These buildings emit a significant contribution of the UK’s total carbon output, around 20%, but are only be used to a fraction of their full potential.

This was the core of a presentation from Despina Katsikakis, chair of design house DEGW, when she spoke at Ecobuild this week.

She argued for more flexible use of commercial space, to meet the needs of an evolving workforce and help meet environmental targets.

“Technology has completely transformed over the past 50 years but unfortunately buildings don’t move at the same rate,” she said.

“The needs of organisations and people have also changed – the new generation coming into the workplace and all of us who need to keep working because our pensions aren’t what we expected require more flexibility on how, when and where we work.”

She claimed that commercial buildings are in use than 10 per cent of the time and that something needs to be done urgently to address this colossal waste.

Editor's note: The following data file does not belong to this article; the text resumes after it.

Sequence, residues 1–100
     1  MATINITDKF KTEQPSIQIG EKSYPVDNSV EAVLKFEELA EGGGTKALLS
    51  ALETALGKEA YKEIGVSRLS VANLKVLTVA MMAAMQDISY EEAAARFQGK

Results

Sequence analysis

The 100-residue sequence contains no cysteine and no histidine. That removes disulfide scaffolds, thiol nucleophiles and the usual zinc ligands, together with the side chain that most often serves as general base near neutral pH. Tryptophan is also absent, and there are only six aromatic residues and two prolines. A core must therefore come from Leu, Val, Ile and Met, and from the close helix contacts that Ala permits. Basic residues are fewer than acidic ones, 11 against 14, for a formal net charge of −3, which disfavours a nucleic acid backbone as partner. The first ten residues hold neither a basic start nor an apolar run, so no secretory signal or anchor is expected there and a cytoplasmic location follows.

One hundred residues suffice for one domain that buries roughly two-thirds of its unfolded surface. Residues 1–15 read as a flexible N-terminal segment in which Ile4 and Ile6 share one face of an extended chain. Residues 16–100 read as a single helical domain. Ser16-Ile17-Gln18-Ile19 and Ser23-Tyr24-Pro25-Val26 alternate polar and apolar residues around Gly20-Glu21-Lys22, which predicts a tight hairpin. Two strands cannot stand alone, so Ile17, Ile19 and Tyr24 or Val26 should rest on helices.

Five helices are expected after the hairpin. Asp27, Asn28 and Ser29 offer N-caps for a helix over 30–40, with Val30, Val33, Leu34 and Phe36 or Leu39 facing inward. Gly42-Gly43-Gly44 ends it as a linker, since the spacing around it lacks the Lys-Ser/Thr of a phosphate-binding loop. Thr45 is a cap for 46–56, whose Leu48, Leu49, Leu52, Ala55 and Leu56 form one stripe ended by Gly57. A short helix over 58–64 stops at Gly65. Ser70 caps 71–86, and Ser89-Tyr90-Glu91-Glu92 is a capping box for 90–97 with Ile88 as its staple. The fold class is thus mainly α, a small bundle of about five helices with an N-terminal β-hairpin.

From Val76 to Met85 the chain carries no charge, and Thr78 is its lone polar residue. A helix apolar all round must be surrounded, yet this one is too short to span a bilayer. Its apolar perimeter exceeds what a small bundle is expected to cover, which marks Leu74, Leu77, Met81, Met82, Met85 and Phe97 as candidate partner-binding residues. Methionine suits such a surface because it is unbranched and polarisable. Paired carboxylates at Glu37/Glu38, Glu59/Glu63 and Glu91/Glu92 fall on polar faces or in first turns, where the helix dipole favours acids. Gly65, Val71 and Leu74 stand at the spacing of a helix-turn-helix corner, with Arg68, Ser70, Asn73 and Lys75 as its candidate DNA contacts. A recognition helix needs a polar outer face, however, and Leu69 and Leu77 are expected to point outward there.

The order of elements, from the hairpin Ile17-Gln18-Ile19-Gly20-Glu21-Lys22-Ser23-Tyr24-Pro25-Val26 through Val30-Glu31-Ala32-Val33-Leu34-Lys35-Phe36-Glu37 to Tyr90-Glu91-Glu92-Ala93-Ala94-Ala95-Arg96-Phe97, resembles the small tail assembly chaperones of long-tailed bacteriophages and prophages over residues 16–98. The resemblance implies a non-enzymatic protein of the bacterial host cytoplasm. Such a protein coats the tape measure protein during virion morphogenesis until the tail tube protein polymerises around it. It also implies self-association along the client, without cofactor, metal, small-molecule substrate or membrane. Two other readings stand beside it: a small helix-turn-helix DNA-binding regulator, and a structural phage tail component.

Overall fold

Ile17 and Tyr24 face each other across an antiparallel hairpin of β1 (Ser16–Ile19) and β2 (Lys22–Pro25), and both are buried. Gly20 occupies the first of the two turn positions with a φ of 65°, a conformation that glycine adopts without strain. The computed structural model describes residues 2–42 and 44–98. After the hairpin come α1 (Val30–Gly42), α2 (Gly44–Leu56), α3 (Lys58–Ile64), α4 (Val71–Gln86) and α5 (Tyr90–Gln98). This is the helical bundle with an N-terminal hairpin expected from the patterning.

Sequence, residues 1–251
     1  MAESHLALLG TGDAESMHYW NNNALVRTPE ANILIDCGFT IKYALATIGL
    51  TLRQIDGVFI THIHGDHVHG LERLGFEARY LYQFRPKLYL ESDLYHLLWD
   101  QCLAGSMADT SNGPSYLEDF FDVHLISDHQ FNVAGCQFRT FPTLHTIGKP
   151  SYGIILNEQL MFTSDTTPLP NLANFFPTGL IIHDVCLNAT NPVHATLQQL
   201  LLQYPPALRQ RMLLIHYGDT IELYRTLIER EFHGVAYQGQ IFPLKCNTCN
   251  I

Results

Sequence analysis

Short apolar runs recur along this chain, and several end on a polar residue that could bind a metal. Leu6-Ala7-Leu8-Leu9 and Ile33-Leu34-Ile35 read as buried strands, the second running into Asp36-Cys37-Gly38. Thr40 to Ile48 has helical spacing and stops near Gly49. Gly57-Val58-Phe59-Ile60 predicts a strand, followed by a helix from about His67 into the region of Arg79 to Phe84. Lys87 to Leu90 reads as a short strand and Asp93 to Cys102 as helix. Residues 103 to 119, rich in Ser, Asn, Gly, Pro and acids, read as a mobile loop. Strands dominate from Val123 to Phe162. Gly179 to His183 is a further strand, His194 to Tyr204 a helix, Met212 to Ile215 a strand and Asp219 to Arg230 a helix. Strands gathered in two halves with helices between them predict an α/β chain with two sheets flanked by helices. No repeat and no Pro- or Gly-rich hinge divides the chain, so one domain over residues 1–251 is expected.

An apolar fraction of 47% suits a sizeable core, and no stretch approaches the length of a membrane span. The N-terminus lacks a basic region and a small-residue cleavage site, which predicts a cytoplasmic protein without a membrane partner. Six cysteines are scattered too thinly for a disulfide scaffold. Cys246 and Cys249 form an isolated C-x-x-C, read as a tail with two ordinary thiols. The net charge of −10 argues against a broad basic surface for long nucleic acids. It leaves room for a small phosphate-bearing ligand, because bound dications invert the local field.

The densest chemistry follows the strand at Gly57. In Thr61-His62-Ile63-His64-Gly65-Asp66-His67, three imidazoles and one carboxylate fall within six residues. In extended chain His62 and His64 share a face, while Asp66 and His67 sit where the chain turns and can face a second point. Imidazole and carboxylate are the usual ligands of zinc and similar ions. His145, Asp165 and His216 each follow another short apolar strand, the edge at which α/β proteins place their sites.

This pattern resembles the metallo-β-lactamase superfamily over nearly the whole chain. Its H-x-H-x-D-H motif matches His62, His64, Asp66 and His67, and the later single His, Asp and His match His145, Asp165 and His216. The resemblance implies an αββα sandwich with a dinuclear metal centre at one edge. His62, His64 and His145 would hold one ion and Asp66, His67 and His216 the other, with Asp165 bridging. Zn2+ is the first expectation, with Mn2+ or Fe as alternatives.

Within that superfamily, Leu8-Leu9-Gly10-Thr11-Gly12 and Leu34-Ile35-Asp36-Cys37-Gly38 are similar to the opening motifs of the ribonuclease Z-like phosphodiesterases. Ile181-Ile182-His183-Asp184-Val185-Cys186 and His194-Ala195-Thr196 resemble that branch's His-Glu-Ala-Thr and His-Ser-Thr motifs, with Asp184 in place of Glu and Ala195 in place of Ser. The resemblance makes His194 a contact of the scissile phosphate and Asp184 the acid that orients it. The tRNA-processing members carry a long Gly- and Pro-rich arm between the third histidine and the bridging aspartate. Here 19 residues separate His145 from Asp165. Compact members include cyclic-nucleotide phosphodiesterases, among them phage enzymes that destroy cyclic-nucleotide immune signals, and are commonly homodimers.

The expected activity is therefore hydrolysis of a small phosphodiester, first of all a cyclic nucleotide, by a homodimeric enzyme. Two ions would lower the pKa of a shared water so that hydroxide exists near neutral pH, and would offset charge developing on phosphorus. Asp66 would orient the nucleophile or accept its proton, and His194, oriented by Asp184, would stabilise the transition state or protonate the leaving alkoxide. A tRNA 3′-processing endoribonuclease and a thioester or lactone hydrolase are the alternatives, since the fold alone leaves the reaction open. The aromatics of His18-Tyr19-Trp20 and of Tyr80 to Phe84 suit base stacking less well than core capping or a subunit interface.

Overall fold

“We need to focus on density, intensification and re-use of existing fabric,” she said.

“We need to rethink the way we use space, away from these ideas of monolithic, one-organisation, one-use buildings towards more complex, multi-use buildings.”

This can be achieved using buildings for different things at different times, as with Shell’s learning centre in the Netherlands that provides staff training during the week and is used as a hotel at weekends.

Or, she said, we can look more closely at mixed-use buildings, she said, giving the example of London’s Oxo Tower which combines commercial, leisure and residential units by housing flats, shops and a restaurant.

Renovating existing buildings was key to this, she argued, particularly making better use of those in locations that would minimise the environmental impact of those using them.

“We do not need to be tearing down buildings from the 1960s or 70s,” she said.

“When we can renovate their interiors to support a much more sustainable environment.”

Sam Bond

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